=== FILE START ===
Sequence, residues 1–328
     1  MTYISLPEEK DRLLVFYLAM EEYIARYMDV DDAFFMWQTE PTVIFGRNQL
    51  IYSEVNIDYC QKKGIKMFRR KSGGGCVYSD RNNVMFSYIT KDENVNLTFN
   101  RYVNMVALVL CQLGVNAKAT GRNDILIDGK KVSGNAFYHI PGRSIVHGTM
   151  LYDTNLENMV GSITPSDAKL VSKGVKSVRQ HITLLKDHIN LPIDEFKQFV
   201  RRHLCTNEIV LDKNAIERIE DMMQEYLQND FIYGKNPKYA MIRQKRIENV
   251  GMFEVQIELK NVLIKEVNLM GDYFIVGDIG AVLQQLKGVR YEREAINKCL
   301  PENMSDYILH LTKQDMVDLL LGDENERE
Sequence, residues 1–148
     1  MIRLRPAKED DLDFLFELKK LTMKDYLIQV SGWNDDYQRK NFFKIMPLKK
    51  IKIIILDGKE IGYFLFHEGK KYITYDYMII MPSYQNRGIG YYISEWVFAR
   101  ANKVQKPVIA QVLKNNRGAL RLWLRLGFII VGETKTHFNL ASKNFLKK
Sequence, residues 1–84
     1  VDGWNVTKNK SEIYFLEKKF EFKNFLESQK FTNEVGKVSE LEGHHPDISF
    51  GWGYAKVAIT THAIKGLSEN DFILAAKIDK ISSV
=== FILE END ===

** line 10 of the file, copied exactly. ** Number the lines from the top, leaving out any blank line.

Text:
     1  MIRLRPAKED DLDFLFELKK LTMKDYLIQV SGWNDDYQRK NFFKIMPLKK